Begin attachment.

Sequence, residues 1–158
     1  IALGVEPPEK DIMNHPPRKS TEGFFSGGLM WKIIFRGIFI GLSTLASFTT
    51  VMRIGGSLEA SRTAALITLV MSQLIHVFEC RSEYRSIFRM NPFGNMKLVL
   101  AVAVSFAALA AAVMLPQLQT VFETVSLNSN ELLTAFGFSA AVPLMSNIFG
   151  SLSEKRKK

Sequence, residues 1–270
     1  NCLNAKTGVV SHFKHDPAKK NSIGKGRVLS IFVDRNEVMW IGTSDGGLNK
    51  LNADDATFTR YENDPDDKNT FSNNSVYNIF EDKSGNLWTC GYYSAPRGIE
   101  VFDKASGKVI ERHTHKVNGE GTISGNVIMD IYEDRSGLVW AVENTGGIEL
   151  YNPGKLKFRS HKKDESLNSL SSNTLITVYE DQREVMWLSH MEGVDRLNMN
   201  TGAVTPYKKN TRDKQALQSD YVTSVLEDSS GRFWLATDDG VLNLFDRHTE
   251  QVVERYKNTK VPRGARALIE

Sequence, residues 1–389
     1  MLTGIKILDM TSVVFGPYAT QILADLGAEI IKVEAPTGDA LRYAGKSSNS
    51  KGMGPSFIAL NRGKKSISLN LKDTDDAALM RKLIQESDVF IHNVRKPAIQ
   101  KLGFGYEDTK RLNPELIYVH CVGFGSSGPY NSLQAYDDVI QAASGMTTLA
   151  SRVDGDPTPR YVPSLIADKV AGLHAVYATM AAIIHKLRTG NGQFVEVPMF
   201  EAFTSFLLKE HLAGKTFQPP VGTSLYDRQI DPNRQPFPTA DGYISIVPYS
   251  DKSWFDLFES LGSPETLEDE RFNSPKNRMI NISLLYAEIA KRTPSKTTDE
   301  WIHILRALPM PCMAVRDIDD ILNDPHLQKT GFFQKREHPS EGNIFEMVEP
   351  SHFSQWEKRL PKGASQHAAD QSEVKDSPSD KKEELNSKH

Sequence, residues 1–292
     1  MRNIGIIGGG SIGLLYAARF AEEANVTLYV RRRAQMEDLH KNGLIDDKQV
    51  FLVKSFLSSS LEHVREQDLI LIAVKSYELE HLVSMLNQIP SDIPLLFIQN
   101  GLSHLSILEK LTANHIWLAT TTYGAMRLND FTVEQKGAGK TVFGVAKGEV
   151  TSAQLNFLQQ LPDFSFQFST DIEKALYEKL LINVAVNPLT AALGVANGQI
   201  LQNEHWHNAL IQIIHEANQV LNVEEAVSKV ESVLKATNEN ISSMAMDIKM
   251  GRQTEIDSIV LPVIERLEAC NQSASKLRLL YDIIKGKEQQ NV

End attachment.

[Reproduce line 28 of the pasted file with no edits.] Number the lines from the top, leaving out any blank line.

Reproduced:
   251  GRQTEIDSIV LPVIERLEAC NQSASKLRLL YDIIKGKEQQ NV